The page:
How to deal with resistance to change

December 27, 2017


Portrait of successful young businesswoman speaking in front of audience at conference, making presentation to colleagues

Some employees embrace change. They can see the potential for improvement in any plan, and they actively work toward implementation. However, every organization has a few individuals who resist change and voice their objection. As a manager, how do you minimize change resistance so you can move forward with your improvement plans?

 

Early Communication

Once rumors start spreading, you’re going to have trouble. People tend to blow things up in their minds so they become resistant to whatever plans you have—even if they don’t really understand your true plans. After you make a decision, announce it to everyone so every employee has all the facts. Also, people need time to adjust to the concept of change. Give them several weeks’ notice before making any major changes.

 

Include Resistors

You probably already know the people who are more inclined to resist change. Get them on your side first. Have them be a proactive part of the team and let them engage in the process. This is a good way to turn your staunchest resistors into your biggest assets.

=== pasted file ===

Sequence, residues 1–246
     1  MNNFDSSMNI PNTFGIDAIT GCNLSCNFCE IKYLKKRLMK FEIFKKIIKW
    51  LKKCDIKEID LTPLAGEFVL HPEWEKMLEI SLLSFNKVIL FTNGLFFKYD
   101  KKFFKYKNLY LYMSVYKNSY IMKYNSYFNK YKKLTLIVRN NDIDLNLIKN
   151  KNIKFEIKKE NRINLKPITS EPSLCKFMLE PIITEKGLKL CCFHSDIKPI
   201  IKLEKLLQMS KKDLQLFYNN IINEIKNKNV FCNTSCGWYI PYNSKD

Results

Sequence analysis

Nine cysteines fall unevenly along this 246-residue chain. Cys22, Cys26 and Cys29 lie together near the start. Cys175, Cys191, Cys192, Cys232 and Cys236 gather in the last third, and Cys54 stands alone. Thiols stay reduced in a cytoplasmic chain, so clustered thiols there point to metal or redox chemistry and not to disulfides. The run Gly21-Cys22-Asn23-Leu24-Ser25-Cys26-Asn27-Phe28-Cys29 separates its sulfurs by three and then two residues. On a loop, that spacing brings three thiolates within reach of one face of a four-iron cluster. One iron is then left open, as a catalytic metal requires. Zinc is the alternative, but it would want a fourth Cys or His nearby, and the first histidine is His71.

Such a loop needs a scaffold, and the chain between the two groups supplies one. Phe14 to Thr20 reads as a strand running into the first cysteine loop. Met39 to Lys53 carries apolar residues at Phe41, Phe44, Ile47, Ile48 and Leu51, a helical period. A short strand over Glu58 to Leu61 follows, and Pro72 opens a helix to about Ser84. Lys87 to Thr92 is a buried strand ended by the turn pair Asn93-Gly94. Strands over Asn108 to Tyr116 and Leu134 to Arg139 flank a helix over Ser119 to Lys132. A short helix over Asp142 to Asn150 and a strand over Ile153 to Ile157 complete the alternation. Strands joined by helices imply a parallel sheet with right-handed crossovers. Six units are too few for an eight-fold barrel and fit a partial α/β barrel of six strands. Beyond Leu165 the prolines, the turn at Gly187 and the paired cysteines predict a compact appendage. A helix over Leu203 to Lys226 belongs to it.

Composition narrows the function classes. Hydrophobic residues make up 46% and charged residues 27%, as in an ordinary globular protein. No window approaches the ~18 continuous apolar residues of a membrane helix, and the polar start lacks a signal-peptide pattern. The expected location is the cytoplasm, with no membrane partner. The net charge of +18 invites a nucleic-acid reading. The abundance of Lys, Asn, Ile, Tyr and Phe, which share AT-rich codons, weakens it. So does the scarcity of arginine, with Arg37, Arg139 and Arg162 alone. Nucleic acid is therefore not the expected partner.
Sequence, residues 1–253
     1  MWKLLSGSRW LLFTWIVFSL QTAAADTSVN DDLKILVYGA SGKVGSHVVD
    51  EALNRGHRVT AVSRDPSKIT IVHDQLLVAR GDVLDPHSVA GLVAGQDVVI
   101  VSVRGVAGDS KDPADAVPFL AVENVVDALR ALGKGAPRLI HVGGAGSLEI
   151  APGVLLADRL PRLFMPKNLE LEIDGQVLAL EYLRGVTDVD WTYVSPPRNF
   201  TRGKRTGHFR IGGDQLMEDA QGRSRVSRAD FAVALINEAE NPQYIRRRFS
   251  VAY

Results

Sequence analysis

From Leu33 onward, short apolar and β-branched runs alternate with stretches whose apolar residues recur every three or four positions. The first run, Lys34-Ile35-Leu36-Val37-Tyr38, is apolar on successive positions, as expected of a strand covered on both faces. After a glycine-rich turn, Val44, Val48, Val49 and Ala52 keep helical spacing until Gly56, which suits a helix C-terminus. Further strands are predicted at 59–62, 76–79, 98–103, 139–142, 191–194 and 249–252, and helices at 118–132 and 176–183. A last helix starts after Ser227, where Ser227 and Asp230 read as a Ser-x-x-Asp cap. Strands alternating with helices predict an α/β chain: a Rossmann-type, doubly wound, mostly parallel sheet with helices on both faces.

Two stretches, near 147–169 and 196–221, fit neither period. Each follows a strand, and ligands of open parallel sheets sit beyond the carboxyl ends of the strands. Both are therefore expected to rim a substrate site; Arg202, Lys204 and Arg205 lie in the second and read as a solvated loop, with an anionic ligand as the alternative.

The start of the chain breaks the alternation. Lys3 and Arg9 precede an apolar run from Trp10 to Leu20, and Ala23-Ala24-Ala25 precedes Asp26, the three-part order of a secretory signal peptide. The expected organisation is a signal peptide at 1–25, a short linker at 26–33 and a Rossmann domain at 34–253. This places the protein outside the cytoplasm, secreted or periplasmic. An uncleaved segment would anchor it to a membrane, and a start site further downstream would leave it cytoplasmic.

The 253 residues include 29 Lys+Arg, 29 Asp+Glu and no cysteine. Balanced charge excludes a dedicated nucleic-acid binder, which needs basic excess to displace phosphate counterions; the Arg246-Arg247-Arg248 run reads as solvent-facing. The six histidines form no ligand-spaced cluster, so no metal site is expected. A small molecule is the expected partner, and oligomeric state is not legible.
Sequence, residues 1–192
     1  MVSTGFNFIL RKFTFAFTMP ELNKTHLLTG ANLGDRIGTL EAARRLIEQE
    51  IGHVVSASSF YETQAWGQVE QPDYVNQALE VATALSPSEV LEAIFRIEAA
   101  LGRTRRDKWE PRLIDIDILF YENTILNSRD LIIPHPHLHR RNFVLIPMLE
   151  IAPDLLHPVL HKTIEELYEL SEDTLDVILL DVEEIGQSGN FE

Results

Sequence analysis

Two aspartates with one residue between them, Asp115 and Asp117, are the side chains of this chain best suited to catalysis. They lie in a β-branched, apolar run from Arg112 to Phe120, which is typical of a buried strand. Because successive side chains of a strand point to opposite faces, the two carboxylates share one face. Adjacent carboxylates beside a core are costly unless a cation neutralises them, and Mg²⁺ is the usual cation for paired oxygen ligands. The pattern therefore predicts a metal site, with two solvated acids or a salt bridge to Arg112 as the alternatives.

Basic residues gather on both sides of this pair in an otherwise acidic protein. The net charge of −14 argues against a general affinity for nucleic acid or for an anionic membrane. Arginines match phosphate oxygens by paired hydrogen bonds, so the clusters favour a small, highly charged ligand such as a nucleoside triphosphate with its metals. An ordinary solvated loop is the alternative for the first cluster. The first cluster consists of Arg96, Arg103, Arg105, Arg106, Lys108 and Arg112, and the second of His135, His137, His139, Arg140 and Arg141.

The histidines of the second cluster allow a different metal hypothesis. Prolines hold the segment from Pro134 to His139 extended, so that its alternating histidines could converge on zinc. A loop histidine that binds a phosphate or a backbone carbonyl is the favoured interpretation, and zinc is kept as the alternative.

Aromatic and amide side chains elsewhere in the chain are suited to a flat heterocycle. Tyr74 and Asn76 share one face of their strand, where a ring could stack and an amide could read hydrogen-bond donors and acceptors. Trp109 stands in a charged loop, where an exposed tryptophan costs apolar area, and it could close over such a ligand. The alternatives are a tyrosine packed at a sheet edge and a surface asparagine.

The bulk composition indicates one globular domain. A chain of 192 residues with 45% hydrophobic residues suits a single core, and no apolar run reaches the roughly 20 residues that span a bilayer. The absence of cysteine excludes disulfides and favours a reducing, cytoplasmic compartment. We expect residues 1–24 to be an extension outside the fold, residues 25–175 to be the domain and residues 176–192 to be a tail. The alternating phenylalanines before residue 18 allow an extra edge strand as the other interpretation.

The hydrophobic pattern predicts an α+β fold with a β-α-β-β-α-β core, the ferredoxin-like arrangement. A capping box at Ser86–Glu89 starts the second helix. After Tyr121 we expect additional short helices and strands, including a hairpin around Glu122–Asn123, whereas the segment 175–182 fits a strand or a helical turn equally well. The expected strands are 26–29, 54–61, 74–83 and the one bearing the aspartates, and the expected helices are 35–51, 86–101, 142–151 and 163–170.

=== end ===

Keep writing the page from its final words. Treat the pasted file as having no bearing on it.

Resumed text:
Give Proper Explanations

People are much more willing to go along with change if they understand why it’s happening and how it will benefit them. Employees tend to put a wall up if it sounds like change is happening for no real reason. Not only should you properly explain why you are making your change, be consistent with your explanation. This is an old PR trick called “message management,” but it works. Keep explanations brief, so employees can easily understand them.

 

Be honest with your employees about why change is happening, when it will happen, and how it will affect them in both positive and negative ways.

 

Listen

Your employees will also put up resistance if they feel their needs and concerns are not being addressed. Listen to your workers and honestly try to accommodate their concerns where you can. This will go a long way toward winning them over.

 

Monitor progress

Keep your ear to the ground and listen for any rumors that may be swirling that can derail your change process and find ways to deal with them. Hold meetings to dispel these rumors, or to incorporate updates if the concerns are valid. Keep open lines of communication throughout the process, and try conducting surveys along the way.

 

Remember, rumors will start the minute you voice that you are even considering a plan for change. The longer these rumors hang around unaddressed, the more likely they are to fester and foster resistance. Start communicating and building your change team right away to minimize resistance and build positive energy.

 

For more information on managing your workplace environment, contact Vanguard Resources.